Apple Inc. (AAPL) stock could use a catalyst right about now. Shares have been languishing in the mid-$90s for most of the year, down 25% year-over-year.
And as you might have heard, the company is currently embroiled in a deep controversy with none other than the Federal Bureau of Investigation itself.
Long story short, the Feds are coercing Apple into building a “backdoor” into the iPhone of one of the San Bernardino terrorists.
With sales of its flagship iPhone up a pitiful 1% year-over-year last quarter — unit shipments were actually up 0% — AAPL could use some good press. It’s not getting it.
New numbers from IDC show that the Apple Watch — the only new product line that CEO Tim Cook has been able to produce since he took the reins from Steve Jobs in 2011 — was an extremely disappointing holiday seller. I hate to say I told you so, but I totally did. I knew the Apple Watch wouldn’t do a thing for AAPL stock from the minute it was released. Last April, I called it “a largely redundant and unnecessary accessory to the iPhone,” and warned that:
“The not-so-subtle underlying point is that all this Apple Watch hoopla has made AAPL stock — dare we say it — overvalued.”
I caught a lot of flak for that article from readers. C’est la vie. Less than a year later, Apple shares sit 25% below where they did at the time of my piece, which, needless to say, I still stand by.
AAPL Shareholders: Ignore the Apple Watch
The IDC estimates that Apple moved 4.1 million smartwatch units in the holiday quarter. While that was good enough for the No. 2 spot in the wearables market — Apple had 15% market share to Fitbit’s (FIT) 29.5% share — it actually was a horrible showing.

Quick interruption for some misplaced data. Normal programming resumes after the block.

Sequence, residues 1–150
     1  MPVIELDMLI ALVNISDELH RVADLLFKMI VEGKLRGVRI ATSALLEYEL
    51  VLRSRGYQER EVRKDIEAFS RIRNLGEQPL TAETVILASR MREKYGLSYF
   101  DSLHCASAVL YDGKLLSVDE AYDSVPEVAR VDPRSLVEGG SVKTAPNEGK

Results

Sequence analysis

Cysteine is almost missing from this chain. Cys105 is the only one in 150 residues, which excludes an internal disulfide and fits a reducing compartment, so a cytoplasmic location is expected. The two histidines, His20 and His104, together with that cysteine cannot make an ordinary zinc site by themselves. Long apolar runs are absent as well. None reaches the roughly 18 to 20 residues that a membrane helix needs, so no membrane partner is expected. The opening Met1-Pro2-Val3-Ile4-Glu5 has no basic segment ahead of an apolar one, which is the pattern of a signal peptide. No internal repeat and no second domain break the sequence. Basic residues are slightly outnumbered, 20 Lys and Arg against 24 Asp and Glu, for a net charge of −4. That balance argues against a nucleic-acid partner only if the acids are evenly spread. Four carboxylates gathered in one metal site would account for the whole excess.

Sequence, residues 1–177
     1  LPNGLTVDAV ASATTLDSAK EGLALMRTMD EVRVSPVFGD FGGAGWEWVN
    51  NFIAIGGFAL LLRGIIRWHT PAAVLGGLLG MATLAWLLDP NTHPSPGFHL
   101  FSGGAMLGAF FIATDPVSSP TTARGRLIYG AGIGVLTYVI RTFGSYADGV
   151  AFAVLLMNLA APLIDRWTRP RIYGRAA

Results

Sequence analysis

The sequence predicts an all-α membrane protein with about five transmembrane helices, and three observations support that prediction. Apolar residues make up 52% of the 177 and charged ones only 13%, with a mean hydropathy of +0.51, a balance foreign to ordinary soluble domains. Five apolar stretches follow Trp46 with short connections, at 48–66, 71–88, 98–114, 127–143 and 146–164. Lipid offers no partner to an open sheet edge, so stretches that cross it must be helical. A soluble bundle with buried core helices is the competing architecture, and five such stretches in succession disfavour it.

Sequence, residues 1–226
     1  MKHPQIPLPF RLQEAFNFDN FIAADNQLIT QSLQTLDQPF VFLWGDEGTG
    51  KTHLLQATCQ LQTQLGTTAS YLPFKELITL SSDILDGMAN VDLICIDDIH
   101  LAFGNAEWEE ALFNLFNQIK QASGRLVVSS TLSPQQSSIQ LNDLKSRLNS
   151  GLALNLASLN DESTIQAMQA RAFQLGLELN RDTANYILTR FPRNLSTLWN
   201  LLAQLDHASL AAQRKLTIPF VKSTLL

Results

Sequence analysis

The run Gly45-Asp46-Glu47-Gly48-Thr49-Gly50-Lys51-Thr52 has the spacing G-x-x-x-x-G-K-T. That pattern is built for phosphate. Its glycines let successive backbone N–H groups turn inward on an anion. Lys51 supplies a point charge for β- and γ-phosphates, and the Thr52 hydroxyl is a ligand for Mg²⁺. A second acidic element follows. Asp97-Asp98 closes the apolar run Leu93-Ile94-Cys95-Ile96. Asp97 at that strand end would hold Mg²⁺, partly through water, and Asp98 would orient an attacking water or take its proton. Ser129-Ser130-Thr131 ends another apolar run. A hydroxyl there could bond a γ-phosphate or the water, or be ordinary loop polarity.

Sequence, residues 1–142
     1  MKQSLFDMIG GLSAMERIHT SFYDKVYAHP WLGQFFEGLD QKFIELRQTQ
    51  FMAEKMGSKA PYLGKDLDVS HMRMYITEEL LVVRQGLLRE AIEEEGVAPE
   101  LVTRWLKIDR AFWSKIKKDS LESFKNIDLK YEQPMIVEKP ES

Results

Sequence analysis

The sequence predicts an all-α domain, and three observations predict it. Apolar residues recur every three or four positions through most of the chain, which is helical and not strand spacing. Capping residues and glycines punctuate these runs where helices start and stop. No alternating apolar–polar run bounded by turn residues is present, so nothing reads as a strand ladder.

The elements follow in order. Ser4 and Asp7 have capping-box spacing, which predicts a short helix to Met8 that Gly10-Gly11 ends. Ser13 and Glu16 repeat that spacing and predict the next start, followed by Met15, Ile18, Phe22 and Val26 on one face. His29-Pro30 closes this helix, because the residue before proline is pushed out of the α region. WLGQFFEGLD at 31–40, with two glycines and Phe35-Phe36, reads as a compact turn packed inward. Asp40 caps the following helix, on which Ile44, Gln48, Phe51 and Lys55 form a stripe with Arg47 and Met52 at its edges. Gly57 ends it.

That’s because the quarter before, Apple moved an estimated 3.9 million units, implying sequential growth of just 200,000 units, or 5.1%. The holiday quarter is supposed to be a much bigger quarter than the third quarter of the calendar year, and a 5.1% increase in an allegedly hot new product like the Apple Watch is blatantly disappointing.
Still in denial? There are a few metrics that will help you really grasp why Apple stock owners should disregard the Apple Watch entirely when thinking about the company’s future drivers. First off, Apple’s company-wide sequential revenue was up 47% in the holiday quarter from the quarter before. Kind of dwarfs 5%, doesn’t it?
What’s more, it hasn’t even started breaking out revenue for the Apple Watch yet. That tends to happen when sales are miserable, and revealing shipment numbers would only incite ridicule.
The second metric that should make AAPL stock investors see the light? 2.7%. That’s the percentage of overall Apple revenue, using liberal estimates, that Apple Watch accounted for last quarter. I’ll quickly run through my math.
Last summer, analysts estimated that Apple Watch garnered an average selling price of between $450 and $500. Generously assuming the $500 ASP, the 4.1 million unit sales would bring in $2.05 billion in revenue. Or 2.7% of the $75.87 billion in revenue Apple did last quarter.
In other words, the Apple Watch has never been relevant, and it still isn’t. Tim Cook needs to come up with an original product soon or watch the stock continue to fall.
As of this writing, John Divine was long shares of FIT stock. You can follow him on Twitter at @divinebizkid or email him at email@example.com.
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